Glenn: I’d like to offer a minor rejoinder, Adam. Nevermind was not created to capitalize on the grunge craze, as you suggest — it created the grunge craze of the early ’90s, as far as the mainstream goes. Sure, sludgy metal-influenced punk had been around for years before Nevermind, but as far as West Michigan middle-schoolers (that’d be you and me) were concerned, Nirvana was grunge. And that meant that grunge was Grohl’s drumming, mucky guitar playing, and Cobain’s scream.
Cobain’s voice is deceptively simple. At first it’s like, “Okay, depressive screamer on the horse screams in agony — got it.” But there’s something more calculated. As a friend put it, “It’s not just that he screams, it’s that he screams melodies.” Take that, Dave Mustaine. I read someplace that during the Bleach sessions, an engineer told a Seattle scenester, “I hear this guy open his mouth and I don’t know if it’s good or bad but it blows me away. You have to hear it yourself.” There’s chaos but also control. Another good description of Cobain’s scream comes from world-class jackass Robert Christgau: “Kurt Cobain yowls like John Hancock crosses his k’s.” (Stray comment: Christgau, as dickish as he is, is usually right.)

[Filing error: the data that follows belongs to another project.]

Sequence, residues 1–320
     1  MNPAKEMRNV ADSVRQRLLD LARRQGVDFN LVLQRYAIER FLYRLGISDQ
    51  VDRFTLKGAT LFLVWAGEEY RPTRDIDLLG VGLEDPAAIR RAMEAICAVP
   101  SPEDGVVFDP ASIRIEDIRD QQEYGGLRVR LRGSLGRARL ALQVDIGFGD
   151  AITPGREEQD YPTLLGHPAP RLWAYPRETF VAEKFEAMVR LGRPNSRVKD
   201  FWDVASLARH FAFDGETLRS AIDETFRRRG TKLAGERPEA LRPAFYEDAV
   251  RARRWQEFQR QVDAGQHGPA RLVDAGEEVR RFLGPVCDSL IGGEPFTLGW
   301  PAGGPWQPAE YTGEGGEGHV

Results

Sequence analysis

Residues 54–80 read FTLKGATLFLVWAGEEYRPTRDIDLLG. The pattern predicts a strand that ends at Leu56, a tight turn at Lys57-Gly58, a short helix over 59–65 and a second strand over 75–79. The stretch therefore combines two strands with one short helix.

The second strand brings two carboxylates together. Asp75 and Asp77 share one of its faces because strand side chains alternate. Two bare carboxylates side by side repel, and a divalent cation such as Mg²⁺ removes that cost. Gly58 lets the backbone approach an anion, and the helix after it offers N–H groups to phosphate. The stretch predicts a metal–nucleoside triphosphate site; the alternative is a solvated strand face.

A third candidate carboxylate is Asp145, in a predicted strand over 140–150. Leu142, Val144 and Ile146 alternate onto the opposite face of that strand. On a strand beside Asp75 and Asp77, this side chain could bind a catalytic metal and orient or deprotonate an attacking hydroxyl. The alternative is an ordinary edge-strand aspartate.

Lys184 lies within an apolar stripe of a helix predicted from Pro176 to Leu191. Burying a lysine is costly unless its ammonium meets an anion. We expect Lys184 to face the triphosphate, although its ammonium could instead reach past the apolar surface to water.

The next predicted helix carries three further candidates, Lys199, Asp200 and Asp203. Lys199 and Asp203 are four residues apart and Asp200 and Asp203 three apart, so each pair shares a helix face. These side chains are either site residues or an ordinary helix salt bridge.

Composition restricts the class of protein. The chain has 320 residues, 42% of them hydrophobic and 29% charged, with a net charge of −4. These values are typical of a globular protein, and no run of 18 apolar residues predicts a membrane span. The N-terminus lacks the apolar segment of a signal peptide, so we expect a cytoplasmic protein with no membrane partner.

As I was listening to “Frances Farmer” just now, my girlfriend came into the room and said, “Do you like this music?” To which I responded. “Yes. Of course. Good god, yes.” I think what Cobain (and his scream) offered us was an example of crisp sincerity and absolute commitment to the angst of adolescence. He took our feelings as seriously as we did. That’s why it’s sometimes hard to listen to Nirvana as an adult — it’s hard to take those feelings of adolescent pain and angst as seriously as Nirvana did. Cobain’s singing can be like an open wound. And if that’s too much to bear, just listen to Dave Grohl.
Adam: I stand corrected, Glenn. Nevermind did indeed create the grunge craze. And with regard to your comments regarding Nirvana taking adolescent angst seriously, I think the first lines of “Serve The Servants,” the first track on In Utero, sum up Cobain’s feelings on the subject: “Teenage angst has paid off well/now I’m bored and old.”
4 Essential Tracks:
“Frances Farmer Will Have Her Revenge On Seattle”
“Serve the Servants”